In fairness, Ed Vaizey made clear to the CMS Select Committee’s Inquiry into World-Class Connectivity he wanted the scheme to carry on – he was just unable to get the Treasury to agree. That’s not to say the scheme was perfect – whilst it was born out of the Super Connected Cities Programme, SMEs in rural areas would arguably benefit even more from such a scheme. But it was still a scheme that seems to be delivering economic benefits, popular amongst SMEs and broadly welcomed by the telecoms industry. With loud noises of industrial strategy and regions pushing the message that they are open for business, don’t be surprised if we see this revived in some form…

Digital Economy Bill begins the legislative process with first reading in House of Commons

The Government have today introduced the Digital Economy Bill to Parliament as part of its ambition for the UK to be the most digital nation in the world. The Digital Economy Bill (HC Bill 45) sets out the framework for the introduction of a Broadband Universal Service Obligation (USO), includes new powers for Ofcom, seeks to reform the Electronic Communications Code and also sets out new consumer rights.

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Ofcom call for inputs on automatic compensation

Ofcom has today published its consultation on automatic compensation for consumers and smaller businesses who experience disruption to daily activities caused by problems with their communications services. Before publishing a detailed consultation on the system, Ofcom is gathering initial views on the scope, form, process, level of compensation and also possible risks of introducing new measures. (more…)

BT to Invest Billions More into Fibre, 4G and Customer Service

BT’s has today announced that its Openreach and EE businesses will spend around six billion pounds between them over the next three years, in the first phase of a plan to extend superfast broadband and 4G coverage beyond 95% of the UK by 2020.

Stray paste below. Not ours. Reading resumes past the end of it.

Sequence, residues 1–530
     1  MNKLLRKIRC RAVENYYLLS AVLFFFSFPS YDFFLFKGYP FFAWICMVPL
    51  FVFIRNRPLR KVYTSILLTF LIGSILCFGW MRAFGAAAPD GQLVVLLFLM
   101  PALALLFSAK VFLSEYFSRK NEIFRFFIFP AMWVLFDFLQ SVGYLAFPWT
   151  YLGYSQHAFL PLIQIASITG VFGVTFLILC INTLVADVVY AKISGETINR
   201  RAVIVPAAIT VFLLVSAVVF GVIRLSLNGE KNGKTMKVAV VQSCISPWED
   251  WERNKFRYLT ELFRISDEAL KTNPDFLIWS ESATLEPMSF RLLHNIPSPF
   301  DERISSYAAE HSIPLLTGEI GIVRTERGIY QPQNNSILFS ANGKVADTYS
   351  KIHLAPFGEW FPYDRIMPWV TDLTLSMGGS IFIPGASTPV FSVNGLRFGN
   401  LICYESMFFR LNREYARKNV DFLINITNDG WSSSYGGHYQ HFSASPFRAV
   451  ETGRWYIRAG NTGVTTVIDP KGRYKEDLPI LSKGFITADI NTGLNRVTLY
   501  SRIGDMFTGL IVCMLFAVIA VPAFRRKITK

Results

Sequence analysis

The announcement focuses on services, coverage and capacity with the latter receiving the most press coverage. As well as confirming their ambition of supplying 12 million premises with ultrafast broadband, BT announced that at least two million of those to be connected with Fibre-to-the-Premises (FTTP) technology. (more…)

Pushing for Universal Broadband Coverage: What do we mean and how do we get there?

On Monday 14 March, the Broadband Stakeholder Group hosted an event to discuss the Government’s intention to make sure that “every home and business can have access to fast broadband by the end of this Parliament???. The event explored how any target for universal coverage should be framed, the actions needed to meet that target and what lessons can be learned from other countries.

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Businesses connectivity needs to be reviewed by Government

Earlier this month, a survey by the Manufacturer’s Association (EEF) found that internet connectivity was increasingly central to manufacturer’s operations and that Britain’s success in leading the fourth industrial revolution relied on improvements to affordability and internet infrastructure. In a keynote speech at the EEF annual conference today, Business Secretary Sajid Javid announced the review of business broadband “to reduce the barriers to affordable, high-quality fibre-broadband???.

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Increasing transparency of businesses broadband speeds – Ofcom’s new voluntary Code of Practice for ISPs

Under a new voluntary Ofcom Code, Internet Service Providers commit to give businesses “clearer, more accurate and transparent information on broadband speeds before they sign up to a contract???. If the promised upload and download speeds fall below the guaranteed levels, businesses will be able to leave their contract with no penalties.

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Universal coverage and a USO

Getting as many people online and enjoying the benefits of that the internet can bring is an incredibly complex task involving digital skills, attitude and awareness among others. But in many ways the first step is ensuring that the underlying connectivity is available to them. In this light the Government’s desire to make sure that every home and business can have access to fast broadband by the end of this Parliament??? is to be welcomed.

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Analysys Mason Report: UK staying ahead of the curve for the next 5 years

Analysys Mason today published a report comparing the UK’s fixed telecoms market to the five major European countries and several other leading digital countries. It found that the UK is currently ahead of its European competitors on measures such as average speed*, superfast broadband coverage and take-up and will soon be outperforming countries such as Japan and the USA.